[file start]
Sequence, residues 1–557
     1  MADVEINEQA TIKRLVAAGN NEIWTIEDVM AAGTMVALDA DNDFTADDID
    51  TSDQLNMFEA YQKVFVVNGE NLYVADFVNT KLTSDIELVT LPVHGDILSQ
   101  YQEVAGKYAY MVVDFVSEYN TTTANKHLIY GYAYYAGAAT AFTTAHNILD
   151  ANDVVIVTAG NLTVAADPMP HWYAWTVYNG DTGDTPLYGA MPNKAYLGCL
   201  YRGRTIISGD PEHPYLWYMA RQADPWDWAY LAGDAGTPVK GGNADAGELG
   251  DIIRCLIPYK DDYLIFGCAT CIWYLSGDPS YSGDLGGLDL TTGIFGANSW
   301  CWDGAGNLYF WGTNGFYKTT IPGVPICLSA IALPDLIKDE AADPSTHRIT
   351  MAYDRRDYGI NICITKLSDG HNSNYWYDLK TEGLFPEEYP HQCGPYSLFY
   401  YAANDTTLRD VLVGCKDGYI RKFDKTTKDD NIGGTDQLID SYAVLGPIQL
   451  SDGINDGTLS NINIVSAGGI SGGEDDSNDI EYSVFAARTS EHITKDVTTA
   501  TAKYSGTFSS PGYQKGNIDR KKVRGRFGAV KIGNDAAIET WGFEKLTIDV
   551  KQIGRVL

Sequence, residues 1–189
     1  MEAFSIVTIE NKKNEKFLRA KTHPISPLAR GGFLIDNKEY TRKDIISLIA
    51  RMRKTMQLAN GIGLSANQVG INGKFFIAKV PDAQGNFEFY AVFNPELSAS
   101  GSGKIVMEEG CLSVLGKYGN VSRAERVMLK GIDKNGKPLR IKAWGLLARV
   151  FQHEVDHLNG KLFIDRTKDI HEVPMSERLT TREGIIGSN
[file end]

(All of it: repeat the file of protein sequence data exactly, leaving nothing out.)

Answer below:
Sequence, residues 1–557
     1  MADVEINEQA TIKRLVAAGN NEIWTIEDVM AAGTMVALDA DNDFTADDID
    51  TSDQLNMFEA YQKVFVVNGE NLYVADFVNT KLTSDIELVT LPVHGDILSQ
   101  YQEVAGKYAY MVVDFVSEYN TTTANKHLIY GYAYYAGAAT AFTTAHNILD
   151  ANDVVIVTAG NLTVAADPMP HWYAWTVYNG DTGDTPLYGA MPNKAYLGCL
   201  YRGRTIISGD PEHPYLWYMA RQADPWDWAY LAGDAGTPVK GGNADAGELG
   251  DIIRCLIPYK DDYLIFGCAT CIWYLSGDPS YSGDLGGLDL TTGIFGANSW
   301  CWDGAGNLYF WGTNGFYKTT IPGVPICLSA IALPDLIKDE AADPSTHRIT
   351  MAYDRRDYGI NICITKLSDG HNSNYWYDLK TEGLFPEEYP HQCGPYSLFY
   401  YAANDTTLRD VLVGCKDGYI RKFDKTTKDD NIGGTDQLID SYAVLGPIQL
   451  SDGINDGTLS NINIVSAGGI SGGEDDSNDI EYSVFAARTS EHITKDVTTA
   501  TAKYSGTFSS PGYQKGNIDR KKVRGRFGAV KIGNDAAIET WGFEKLTIDV
   551  KQIGRVL

Sequence, residues 1–189
     1  MEAFSIVTIE NKKNEKFLRA KTHPISPLAR GGFLIDNKEY TRKDIISLIA
    51  RMRKTMQLAN GIGLSANQVG INGKFFIAKV PDAQGNFEFY AVFNPELSAS
   101  GSGKIVMEEG CLSVLGKYGN VSRAERVMLK GIDKNGKPLR IKAWGLLARV
   151  FQHEVDHLNG KLFIDRTKDI HEVPMSERLT TREGIIGSN